Skip to main content

Volume 10 Supplement 1

de Senectute: Age and Health Forum

  • Lecture presentation
  • Open access
  • Published:

Treatment of epilepsy in the elderly people

The pharmacokinetics and pharmacodynamics of antiepileptic drugs (AEDs) differ in old age from those in younger patients. Age-related changes in pharmacokinetics play a role as early as the drug absorption stage, because gastric secretion, blood volume, blood flow, and gastrointestinal motility are all lower in old age. The serum concentration of the medications is heavily influenced by protein binding, mainly of serum albumin, whose concentration is markedly reduced in old age, so that the free fraction of medication in the serum is higher. This influences not only the desired medication effects, but also the undesired ones, and is particularly important in the case of highly protein-bound antiepileptic drugs such as valproic acid, phenytoin, or carbamazepine. In elderly patients a reduction of hepatic and renal function were observed. No guidelines, systematic reviews, or meta-analyses on this subject are available. There have been only three randomized, controlled, double-blind therapeutic trials of evidence class I or II regarding epilepsy in the elderly, as well as a number of smaller studies of classes IIa and III. Thus, many clinical decisions about antiepileptic treatment in old age are based on extrapolations of experience and data obtained from younger patients, combined with the general principles of pharmacotherapy in old age. The treatment of epilepsy seems to be successful in the elderly more often than in young adults. A precondition for successful treatment, however, is that the antiepileptic drug is well tolerated and does not interact with other, concurrently taken, medications. The treatment of epilepsy in an elderly patient generally requires searching for the medication that is best tolerated and least metabolized. Problems can arise because drug-drug interactions must be considered in the elderly people that often take multiple medications. It is evident that the so-called enzyme-inducing antiepileptic drugs (carbamazepine, phenytoin, phenobarbital) generally cannot be recommended for use in elderly patients because of their multifarious interaction. Moreover these AEDs may facilitate the development of osteoporosis and cannot be recommended for use in elderly woman patients. Recently, clinical studies have shown a better tolerability of never antiepileptic drugs. In conclusion numerous factors must be considered in treating elderly patients for seizures, but maximizing the ability of patients to tolerate drug therapy is often the basis for AED selection.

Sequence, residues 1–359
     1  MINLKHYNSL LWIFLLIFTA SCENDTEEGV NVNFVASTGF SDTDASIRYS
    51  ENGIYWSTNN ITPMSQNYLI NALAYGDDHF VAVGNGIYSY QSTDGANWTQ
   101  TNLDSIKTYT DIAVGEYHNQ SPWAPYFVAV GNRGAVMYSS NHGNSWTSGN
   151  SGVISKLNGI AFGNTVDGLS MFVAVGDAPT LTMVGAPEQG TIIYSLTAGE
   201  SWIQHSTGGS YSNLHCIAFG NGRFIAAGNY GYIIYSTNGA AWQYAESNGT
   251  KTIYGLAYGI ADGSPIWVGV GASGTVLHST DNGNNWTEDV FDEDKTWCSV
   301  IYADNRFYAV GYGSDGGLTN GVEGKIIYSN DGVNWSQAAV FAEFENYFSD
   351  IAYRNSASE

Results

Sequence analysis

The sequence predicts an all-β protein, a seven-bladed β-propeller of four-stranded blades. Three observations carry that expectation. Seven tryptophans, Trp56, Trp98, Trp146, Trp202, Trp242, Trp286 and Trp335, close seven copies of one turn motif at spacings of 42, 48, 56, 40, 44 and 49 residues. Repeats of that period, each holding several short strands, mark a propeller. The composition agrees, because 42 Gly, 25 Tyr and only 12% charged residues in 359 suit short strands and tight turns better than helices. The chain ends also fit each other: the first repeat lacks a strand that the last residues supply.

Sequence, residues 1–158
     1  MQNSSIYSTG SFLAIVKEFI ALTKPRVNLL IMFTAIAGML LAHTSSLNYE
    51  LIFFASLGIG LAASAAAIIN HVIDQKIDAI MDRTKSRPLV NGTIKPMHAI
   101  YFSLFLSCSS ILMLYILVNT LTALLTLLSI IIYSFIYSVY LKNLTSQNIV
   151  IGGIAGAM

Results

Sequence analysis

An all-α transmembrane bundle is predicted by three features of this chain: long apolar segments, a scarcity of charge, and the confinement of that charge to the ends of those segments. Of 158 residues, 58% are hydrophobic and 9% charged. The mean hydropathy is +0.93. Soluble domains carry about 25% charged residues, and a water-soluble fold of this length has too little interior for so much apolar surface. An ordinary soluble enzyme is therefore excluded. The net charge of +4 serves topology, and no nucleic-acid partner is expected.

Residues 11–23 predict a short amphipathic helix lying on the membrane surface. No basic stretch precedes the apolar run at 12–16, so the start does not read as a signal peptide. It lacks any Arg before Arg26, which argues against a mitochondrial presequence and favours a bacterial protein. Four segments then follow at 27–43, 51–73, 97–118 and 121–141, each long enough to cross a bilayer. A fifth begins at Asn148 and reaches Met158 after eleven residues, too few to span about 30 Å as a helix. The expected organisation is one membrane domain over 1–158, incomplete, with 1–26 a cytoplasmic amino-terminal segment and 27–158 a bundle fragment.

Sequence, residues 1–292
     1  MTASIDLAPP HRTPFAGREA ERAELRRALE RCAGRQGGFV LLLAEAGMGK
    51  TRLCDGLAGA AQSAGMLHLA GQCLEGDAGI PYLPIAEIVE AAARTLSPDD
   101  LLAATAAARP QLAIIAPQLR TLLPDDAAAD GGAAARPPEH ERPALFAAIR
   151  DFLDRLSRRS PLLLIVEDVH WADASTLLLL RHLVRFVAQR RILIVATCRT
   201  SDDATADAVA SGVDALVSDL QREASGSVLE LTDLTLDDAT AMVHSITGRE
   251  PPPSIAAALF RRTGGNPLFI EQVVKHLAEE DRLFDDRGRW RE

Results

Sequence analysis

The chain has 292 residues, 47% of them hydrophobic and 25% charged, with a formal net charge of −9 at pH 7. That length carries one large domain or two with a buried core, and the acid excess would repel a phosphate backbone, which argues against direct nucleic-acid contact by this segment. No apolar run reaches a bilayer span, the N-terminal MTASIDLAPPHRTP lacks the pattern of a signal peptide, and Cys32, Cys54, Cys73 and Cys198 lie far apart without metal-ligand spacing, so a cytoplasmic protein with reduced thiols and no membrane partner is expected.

Author information

Authors and Affiliations


Rights and permissions

Open Access This article is published under license to BioMed Central Ltd. This is an Open Access article is distributed under the terms of the Creative Commons Attribution 2.0 International License (, which permits unrestricted use, distribution, and reproduction in any medium, provided the original work is properly cited.

Reprints and permissions

About this article

Cite this article

Siniscalchi, A. Treatment of epilepsy in the elderly people. BMC Geriatr 10 (Suppl 1), L47 (2010).

Download citation

  • Published:

  • DOI: